Clianthus puniceus


Clianthus: From Greek 'kleios' glory and 'anthos' flower, meaning glory flower
puniceus: blood red

Common Name(s)

Kakabeak, kowhai ngutu kaka, kaka beak

Current Conservation Status

2012 - Threatened - Nationally Critical

Conservation status of New Zealand indigenous vascular plants, 2012
The conservation status of all known New Zealand vascular plant taxa at the rank of species and below were reassessed in 2012 using the New Zealand Threat Classification System (NZTCS). This report includes a statistical summary and brief notes on changes since 2009 and replaces all previous NZTCS lists for vascular plants. Authors: Peter J. de Lange, Jeremy R. Rolfe, Paul D. Champion, Shannel P. Courtney, Peter B. Heenan, John W. Barkla, Ewen K. Cameron, David A. Norton and Rodney A. Hitchmough. File size: 792KB

Previous Conservation Status

2009 - Threatened - Nationally Critical
2004 - Threatened - Nationally Critical


2012 - CD, OL, RF
2009 - CD, OL, RF


Clianthus puniceus (G.Don) Sol. ex Lindl.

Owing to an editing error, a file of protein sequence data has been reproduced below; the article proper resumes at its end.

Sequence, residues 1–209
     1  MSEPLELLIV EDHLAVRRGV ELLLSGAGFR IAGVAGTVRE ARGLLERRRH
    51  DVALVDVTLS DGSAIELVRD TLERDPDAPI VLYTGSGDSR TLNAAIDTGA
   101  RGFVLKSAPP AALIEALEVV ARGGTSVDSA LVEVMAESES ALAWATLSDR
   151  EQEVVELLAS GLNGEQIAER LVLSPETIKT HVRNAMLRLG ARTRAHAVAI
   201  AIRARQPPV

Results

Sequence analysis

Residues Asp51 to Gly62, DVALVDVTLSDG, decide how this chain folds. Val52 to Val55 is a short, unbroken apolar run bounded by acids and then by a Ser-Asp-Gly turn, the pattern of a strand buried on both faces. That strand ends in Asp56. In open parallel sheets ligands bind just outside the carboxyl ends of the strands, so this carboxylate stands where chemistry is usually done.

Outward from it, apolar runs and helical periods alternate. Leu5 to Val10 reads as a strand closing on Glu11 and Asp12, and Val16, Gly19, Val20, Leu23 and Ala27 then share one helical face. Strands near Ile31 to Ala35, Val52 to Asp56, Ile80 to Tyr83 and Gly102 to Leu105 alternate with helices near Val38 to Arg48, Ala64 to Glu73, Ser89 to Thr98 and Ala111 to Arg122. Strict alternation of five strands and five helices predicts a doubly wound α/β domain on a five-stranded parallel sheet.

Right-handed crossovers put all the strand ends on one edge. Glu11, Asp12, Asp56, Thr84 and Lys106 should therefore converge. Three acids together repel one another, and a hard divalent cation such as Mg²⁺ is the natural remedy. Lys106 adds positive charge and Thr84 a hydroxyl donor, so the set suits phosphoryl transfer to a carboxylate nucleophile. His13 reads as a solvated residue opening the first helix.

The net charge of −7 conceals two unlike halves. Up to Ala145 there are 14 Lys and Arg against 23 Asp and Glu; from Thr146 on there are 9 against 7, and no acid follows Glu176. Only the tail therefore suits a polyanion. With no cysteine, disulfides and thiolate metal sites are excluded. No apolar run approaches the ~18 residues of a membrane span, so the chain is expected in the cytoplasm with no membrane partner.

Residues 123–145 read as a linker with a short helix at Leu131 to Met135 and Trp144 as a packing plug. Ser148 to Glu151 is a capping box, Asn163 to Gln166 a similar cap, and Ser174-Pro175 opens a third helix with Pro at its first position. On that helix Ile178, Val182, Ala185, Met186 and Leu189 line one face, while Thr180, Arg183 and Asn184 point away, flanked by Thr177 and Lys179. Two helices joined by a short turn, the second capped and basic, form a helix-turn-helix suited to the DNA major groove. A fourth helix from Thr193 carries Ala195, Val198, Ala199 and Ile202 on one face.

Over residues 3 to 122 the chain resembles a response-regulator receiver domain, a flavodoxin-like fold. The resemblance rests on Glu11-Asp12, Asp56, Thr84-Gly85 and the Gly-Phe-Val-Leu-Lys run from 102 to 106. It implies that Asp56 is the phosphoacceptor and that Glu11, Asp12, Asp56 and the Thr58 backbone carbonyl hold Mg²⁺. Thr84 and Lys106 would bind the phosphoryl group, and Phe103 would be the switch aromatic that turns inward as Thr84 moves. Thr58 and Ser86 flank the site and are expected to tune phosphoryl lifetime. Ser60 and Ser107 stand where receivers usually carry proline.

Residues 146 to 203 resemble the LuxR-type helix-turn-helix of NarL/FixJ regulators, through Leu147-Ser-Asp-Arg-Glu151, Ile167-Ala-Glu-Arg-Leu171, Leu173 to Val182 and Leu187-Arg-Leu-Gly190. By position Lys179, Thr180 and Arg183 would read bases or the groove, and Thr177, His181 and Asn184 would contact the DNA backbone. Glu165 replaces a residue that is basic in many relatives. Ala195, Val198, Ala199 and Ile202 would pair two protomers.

Brief Description

Rare small bushy shrub with drooping clusters of pink, red or white sharp-tipped flowers. Leaves with many pairs of dull green leaflets arranged along a central stalk. Flowers 80mm long, with faint white stripes at centre. Fruit a green pea-like pod that splits releasing the numerous hard small blotched seeds.

Flora Category

Vascular - Native

NVS Species Code


The National Vegetation Survey (NVS) Databank is a physical archive and electronic databank containing records of over 94,000 vegetation survey plots - including data from over 19,000 permanent plots. NVS maintains a standard set of species code abbreviations that correspond to standard scientific plant names from the Ngä Tipu o Aotearoa - New Zealand Plants database.

Structural Class

Dicotyledonous Trees & Shrubs


Donia punicea G.Don, Clianthus puniceus (G.Don) Lindley var. puniceus